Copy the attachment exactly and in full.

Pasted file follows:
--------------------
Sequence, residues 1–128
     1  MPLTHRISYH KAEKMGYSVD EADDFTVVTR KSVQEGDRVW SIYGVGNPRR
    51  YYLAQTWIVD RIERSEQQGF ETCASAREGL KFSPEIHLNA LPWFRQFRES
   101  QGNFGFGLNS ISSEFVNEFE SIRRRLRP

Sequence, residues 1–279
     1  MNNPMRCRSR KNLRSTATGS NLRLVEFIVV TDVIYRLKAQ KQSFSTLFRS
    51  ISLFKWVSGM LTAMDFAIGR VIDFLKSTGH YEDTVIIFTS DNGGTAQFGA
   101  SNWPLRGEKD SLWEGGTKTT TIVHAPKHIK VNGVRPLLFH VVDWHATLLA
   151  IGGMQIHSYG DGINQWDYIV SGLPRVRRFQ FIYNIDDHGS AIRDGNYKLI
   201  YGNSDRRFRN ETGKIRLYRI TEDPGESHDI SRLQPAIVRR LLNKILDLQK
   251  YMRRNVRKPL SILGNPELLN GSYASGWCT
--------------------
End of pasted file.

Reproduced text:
Sequence, residues 1–128
     1  MPLTHRISYH KAEKMGYSVD EADDFTVVTR KSVQEGDRVW SIYGVGNPRR
    51  YYLAQTWIVD RIERSEQQGF ETCASAREGL KFSPEIHLNA LPWFRQFRES
   101  QGNFGFGLNS ISSEFVNEFE SIRRRLRP

Sequence, residues 1–279
     1  MNNPMRCRSR KNLRSTATGS NLRLVEFIVV TDVIYRLKAQ KQSFSTLFRS
    51  ISLFKWVSGM LTAMDFAIGR VIDFLKSTGH YEDTVIIFTS DNGGTAQFGA
   101  SNWPLRGEKD SLWEGGTKTT TIVHAPKHIK VNGVRPLLFH VVDWHATLLA
   151  IGGMQIHSYG DGINQWDYIV SGLPRVRRFQ FIYNIDDHGS AIRDGNYKLI
   201  YGNSDRRFRN ETGKIRLYRI TEDPGESHDI SRLQPAIVRR LLNKILDLQK
   251  YMRRNVRKPL SILGNPELLN GSYASGWCT